WASHINGTON — The Republican-led legislatures of Georgia, Louisiana and Alabama find themselves backed against courtroom walls this month in strikingly similar circumstances, defending congressional maps that federal judges have said appear to discriminate against Black voters.
It is a familiar position. Last year, the same judges said that, even before full trials were held, the same maps were so likely illegal that replacements should be used for the 2022 elections. That did not happen: Thanks to a once-obscure Supreme Court rule that outlaws election-law changes close to campaign season, the disputed maps were used anyway.
With an electorate so deeply split along partisan lines that few House races are competitive, the significance last November was glaring. Republicans took control of the House of Representatives by a bare five seats, three of them from districts they were poised to lose had new maps been used in the three states.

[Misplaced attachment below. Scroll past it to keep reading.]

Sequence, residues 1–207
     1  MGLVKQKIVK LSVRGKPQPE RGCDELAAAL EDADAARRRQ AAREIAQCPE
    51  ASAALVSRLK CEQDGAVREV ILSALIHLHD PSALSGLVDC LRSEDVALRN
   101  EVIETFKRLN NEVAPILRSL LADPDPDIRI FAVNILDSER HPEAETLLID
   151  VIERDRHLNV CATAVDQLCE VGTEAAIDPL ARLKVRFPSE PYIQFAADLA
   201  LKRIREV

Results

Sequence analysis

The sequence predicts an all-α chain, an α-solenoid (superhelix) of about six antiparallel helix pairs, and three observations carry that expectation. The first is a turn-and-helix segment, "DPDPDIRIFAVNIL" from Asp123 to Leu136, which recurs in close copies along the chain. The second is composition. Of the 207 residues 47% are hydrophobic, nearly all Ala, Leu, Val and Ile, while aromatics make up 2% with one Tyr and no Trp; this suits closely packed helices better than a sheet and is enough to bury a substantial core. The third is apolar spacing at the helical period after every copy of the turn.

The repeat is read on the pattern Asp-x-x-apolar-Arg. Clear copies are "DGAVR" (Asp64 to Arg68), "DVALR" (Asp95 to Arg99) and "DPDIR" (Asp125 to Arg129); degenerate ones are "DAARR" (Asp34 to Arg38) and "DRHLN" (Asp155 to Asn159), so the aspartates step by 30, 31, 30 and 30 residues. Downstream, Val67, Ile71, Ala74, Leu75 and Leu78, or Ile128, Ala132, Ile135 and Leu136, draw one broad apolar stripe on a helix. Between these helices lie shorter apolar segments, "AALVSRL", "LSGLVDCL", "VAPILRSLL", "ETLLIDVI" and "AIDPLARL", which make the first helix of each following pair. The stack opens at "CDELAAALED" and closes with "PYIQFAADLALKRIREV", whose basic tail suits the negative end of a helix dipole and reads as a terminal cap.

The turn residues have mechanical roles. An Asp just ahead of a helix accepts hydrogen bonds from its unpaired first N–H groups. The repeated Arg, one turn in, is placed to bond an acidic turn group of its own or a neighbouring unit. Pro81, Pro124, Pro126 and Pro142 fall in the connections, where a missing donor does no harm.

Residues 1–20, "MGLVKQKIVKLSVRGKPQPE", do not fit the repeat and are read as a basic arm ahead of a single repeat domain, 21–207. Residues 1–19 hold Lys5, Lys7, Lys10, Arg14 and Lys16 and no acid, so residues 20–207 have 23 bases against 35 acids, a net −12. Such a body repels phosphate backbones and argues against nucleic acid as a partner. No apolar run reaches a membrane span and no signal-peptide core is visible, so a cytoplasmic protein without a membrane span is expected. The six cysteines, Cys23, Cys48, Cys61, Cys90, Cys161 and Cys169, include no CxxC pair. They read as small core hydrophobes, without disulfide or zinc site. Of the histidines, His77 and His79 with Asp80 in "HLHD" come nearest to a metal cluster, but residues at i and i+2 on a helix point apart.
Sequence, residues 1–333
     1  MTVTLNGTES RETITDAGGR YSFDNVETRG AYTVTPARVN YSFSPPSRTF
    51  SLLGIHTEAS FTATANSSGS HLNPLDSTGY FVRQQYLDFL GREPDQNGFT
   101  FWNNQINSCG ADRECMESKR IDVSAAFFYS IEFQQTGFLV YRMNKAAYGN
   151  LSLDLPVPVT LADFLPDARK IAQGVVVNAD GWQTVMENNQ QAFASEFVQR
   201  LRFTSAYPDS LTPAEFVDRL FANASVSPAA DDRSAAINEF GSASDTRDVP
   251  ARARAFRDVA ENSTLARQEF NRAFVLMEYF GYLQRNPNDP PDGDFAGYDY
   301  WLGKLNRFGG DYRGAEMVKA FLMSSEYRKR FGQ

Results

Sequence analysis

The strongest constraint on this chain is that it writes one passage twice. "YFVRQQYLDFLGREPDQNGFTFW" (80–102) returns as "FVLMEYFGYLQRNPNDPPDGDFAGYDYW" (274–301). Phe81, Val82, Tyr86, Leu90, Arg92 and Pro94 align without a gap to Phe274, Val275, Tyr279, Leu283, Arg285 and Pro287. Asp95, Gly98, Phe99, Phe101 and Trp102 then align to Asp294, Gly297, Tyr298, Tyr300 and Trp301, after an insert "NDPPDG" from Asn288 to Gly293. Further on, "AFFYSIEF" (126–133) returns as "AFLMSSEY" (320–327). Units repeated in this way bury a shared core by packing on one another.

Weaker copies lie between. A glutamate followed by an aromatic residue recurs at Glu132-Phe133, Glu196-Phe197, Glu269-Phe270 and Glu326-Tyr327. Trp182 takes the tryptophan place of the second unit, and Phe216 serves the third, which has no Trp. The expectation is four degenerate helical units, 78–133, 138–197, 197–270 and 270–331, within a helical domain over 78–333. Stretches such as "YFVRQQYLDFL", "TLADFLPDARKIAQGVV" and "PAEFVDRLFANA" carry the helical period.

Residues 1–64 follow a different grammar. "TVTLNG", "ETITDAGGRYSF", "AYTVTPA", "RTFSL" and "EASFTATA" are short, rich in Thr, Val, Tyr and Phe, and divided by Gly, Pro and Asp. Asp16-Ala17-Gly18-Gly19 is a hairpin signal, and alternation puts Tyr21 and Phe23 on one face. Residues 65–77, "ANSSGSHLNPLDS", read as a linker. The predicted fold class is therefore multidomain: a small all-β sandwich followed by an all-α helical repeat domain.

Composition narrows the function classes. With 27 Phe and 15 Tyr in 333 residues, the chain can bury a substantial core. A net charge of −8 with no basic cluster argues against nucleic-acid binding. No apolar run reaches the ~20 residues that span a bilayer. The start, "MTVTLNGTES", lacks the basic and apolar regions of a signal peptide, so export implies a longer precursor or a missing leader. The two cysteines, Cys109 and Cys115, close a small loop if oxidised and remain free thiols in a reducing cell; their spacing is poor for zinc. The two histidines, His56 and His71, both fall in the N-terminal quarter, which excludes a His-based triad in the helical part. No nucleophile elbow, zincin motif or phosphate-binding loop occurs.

Now the revived litigation is again churning through the courts — at least six of them, at last count — with the same political stakes and a sharply divided view of the likely outcomes.
Each of the cases asks the same question: whether the Republican-dominated legislatures drew maps that effectively boxed Black voters out of having a chance of electing a candidate in one additional congressional district. The 1965 Voting Rights Act bars maps that have that effect.
Many redistricting experts say they believe the cases against the states are so strong that the states are left to pursue a hail-Mary legal strategy, hoping that delays and repeated appeals will maintain the status quo as they did in 2022.
“Republicans in these three states are trying to run out the clock as long as they can to use invalidated maps” in 2024, said Jeffrey Wice, a senior fellow at the Census and Redistricting Institute at New York Law School.